loading page

Species and metabolic pathways involved in bioremediation of Vietnamese soil contaminated with Agent Orange. Bordetella petrii emerges as a key player in degradation of 2,4 dichlorophenoxyacetic acid
  • +5
  • Thi Lan Anh Nguyen,
  • Thi Cam Ha Dang,
  • Jacco Koekkoek,
  • Martin Braster,
  • John Parsons,
  • Bram Brouwer,
  • Tjalf de Boer,
  • R.J.M. van Spanning
Thi Lan Anh Nguyen
Vrije Universiteit Amsterdam
Author Profile
Thi Cam Ha Dang
Vietnam Academy of Science and Technology
Author Profile
Jacco Koekkoek
Vrije Universiteit Amsterdam
Author Profile
Martin Braster
Vrije Universiteit Amsterdam
Author Profile
John Parsons
Universiteit van Amsterdam
Author Profile
Bram Brouwer
Vrije Universiteit Amsterdam
Author Profile
Tjalf de Boer
MicroLife Solutions
Author Profile
R.J.M. van Spanning
Vrije Universiteit Amsterdam
Author Profile

Abstract

Four bacterial strains were isolated from enrichment cultures inoculated with soil from Bien Hoa military base in Vietnam contaminated with the herbicides 2,4-dichlorophenoxyacetate (2,4-D) and 2,4,5-trichlorophenoxyacetate (2,4,5-T). They were classified as Pseudomonas aeruginosa BT1 2.2, Sphingomonas histidinilytica BT1 5.2, Bordetella petrii BT1 9.2, and Achromobacter xylosoxidans BT1 10.2, respectively. All 4 of them were able to degrade 2,4-D and 2,4,5-T during cultivation, but only the last 3 species used them as sole sources of carbon and free energy. We obtained a comprehensive insight into their degradation pathways by genomic analysis of these strains. A gene cluster with tfdCDEF genes was found in A. xylosoxidans BT1 10.2. The gene organization along with the amino acid sequences of the gene products are almost identical to those in B. petrii DSM12804. The B. petrii BT1 9.2 strain that we isolated has a full complement of the tfdABCDEF genes. Surprisingly, the gene organization along with the amino acid sequences of the gene products are virtually identical to those of Cupriavidus pinatubonensis JMP134, referred to as type I tfd genes, and clearly different from those of A. xylosoxidans and B. petrii DSM12804. Altogether, our enrichment approach has successfully resulted in boosting 3 different types of proteobacterial species that are equipped with metabolic pathways to use the herbicides as sole sources of carbon and free energy. We hypothesize that some of the corresponding genetic potential may have been recruited in recent mating events between these species and other members of the β- and γ-proteobacteria.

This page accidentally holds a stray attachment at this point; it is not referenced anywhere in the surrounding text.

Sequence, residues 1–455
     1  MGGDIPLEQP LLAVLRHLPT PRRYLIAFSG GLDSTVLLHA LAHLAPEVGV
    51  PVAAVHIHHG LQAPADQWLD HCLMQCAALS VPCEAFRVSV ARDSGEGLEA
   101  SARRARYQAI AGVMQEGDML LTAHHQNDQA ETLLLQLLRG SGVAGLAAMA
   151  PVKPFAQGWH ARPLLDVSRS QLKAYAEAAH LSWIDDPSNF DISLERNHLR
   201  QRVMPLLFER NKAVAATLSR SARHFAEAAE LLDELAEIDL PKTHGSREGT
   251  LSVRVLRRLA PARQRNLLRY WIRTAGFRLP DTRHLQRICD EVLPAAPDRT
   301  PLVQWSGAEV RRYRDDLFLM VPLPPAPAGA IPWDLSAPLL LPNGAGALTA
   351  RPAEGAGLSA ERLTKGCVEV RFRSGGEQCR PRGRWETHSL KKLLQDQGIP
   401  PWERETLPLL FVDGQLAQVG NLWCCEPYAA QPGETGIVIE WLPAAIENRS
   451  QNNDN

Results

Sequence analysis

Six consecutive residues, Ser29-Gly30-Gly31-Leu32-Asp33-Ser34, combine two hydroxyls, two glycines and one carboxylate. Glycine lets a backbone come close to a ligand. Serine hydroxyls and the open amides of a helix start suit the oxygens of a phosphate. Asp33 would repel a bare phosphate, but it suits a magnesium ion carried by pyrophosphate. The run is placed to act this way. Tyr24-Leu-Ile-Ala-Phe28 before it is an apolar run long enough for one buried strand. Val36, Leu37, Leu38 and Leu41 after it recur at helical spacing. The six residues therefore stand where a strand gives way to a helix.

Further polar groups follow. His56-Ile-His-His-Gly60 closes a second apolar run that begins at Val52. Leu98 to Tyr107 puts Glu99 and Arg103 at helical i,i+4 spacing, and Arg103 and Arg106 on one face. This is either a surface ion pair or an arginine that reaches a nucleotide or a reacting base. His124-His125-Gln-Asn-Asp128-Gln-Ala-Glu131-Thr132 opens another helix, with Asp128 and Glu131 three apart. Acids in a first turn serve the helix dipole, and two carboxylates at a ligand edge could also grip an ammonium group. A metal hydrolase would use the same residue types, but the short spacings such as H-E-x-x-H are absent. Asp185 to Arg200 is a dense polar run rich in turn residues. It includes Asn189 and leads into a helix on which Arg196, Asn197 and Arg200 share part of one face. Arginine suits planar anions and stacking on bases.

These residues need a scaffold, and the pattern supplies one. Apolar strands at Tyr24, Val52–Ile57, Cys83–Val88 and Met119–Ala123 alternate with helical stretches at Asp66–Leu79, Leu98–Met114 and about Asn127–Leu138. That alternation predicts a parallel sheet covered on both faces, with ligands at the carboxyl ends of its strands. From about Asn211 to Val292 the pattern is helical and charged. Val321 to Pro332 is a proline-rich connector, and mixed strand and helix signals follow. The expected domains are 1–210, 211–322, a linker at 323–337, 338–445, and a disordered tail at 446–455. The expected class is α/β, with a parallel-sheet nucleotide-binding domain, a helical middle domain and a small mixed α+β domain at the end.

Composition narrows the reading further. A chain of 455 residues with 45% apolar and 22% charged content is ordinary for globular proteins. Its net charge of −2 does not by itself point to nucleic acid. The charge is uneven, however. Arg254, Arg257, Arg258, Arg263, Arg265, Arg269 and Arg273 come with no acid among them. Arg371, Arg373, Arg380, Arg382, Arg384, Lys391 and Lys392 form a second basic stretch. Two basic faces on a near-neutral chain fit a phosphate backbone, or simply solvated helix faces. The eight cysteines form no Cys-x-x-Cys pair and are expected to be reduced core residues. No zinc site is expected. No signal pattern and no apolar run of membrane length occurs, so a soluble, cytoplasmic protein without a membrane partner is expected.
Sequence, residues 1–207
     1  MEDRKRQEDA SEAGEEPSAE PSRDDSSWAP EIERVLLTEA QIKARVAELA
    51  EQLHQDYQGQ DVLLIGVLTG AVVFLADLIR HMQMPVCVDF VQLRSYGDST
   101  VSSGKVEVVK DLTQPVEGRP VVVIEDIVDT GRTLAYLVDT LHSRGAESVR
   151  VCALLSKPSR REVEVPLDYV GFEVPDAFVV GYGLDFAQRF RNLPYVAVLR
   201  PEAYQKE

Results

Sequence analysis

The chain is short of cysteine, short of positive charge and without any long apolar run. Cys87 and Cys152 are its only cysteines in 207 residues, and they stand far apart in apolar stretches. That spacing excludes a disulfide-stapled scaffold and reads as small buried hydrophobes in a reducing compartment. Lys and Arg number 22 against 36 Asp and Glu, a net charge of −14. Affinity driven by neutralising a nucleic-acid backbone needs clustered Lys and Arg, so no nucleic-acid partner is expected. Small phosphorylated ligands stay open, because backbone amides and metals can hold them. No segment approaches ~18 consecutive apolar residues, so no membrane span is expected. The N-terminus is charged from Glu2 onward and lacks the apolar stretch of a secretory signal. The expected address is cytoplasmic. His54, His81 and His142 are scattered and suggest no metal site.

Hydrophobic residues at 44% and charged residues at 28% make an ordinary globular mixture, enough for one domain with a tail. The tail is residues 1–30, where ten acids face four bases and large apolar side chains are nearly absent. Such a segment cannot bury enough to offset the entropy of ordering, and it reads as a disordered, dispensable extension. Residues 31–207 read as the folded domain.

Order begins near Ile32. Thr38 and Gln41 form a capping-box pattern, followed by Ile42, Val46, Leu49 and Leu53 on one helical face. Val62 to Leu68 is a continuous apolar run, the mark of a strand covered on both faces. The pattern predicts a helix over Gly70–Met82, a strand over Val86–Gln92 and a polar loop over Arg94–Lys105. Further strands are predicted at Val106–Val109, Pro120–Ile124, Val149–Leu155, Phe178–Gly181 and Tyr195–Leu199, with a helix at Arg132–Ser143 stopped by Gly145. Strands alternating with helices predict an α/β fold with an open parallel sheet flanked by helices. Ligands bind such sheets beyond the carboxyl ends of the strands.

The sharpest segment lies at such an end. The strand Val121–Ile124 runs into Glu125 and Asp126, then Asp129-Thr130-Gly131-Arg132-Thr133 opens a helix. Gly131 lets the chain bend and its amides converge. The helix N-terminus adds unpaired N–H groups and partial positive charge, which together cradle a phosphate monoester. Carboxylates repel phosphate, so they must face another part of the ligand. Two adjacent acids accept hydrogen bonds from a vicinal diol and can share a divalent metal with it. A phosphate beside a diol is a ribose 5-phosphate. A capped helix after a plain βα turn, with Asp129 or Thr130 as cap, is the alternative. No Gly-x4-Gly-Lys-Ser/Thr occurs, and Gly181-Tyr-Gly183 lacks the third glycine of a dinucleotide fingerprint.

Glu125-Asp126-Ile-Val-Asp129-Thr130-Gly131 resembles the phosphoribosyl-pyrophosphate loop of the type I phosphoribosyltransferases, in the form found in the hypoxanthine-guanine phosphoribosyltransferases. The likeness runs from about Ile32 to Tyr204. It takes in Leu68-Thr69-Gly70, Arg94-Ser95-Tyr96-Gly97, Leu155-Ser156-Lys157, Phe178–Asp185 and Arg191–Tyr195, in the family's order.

Peer review status:POSTED

13 Jul 2020Submitted to Molecular Ecology
13 Jul 2020Assigned to Editor
13 Jul 2020Submission Checks Completed